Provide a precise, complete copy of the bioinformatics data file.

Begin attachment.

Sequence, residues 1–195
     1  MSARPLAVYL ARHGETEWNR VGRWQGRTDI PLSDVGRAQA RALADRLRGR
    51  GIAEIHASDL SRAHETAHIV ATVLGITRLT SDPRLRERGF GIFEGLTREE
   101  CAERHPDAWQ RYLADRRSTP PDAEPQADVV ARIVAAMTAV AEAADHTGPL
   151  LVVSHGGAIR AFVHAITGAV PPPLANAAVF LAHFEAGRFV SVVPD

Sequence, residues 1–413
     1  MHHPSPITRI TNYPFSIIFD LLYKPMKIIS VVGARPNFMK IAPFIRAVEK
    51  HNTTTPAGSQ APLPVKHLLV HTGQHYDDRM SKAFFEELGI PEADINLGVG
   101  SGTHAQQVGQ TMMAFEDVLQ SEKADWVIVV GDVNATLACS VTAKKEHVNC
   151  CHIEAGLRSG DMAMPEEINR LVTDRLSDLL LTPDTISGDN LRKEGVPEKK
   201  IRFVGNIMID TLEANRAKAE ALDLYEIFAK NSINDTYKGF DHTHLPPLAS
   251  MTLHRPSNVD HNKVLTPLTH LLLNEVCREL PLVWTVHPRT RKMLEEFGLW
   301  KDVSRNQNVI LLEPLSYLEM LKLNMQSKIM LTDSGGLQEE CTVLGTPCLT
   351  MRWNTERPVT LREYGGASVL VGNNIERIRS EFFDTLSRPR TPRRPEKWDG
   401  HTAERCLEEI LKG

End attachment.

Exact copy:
Sequence, residues 1–195
     1  MSARPLAVYL ARHGETEWNR VGRWQGRTDI PLSDVGRAQA RALADRLRGR
    51  GIAEIHASDL SRAHETAHIV ATVLGITRLT SDPRLRERGF GIFEGLTREE
   101  CAERHPDAWQ RYLADRRSTP PDAEPQADVV ARIVAAMTAV AEAADHTGPL
   151  LVVSHGGAIR AFVHAITGAV PPPLANAAVF LAHFEAGRFV SVVPD

Sequence, residues 1–413
     1  MHHPSPITRI TNYPFSIIFD LLYKPMKIIS VVGARPNFMK IAPFIRAVEK
    51  HNTTTPAGSQ APLPVKHLLV HTGQHYDDRM SKAFFEELGI PEADINLGVG
   101  SGTHAQQVGQ TMMAFEDVLQ SEKADWVIVV GDVNATLACS VTAKKEHVNC
   151  CHIEAGLRSG DMAMPEEINR LVTDRLSDLL LTPDTISGDN LRKEGVPEKK
   201  IRFVGNIMID TLEANRAKAE ALDLYEIFAK NSINDTYKGF DHTHLPPLAS
   251  MTLHRPSNVD HNKVLTPLTH LLLNEVCREL PLVWTVHPRT RKMLEEFGLW
   301  KDVSRNQNVI LLEPLSYLEM LKLNMQSKIM LTDSGGLQEE CTVLGTPCLT
   351  MRWNTERPVT LREYGGASVL VGNNIERIRS EFFDTLSRPR TPRRPEKWDG
   401  HTAERCLEEI LKG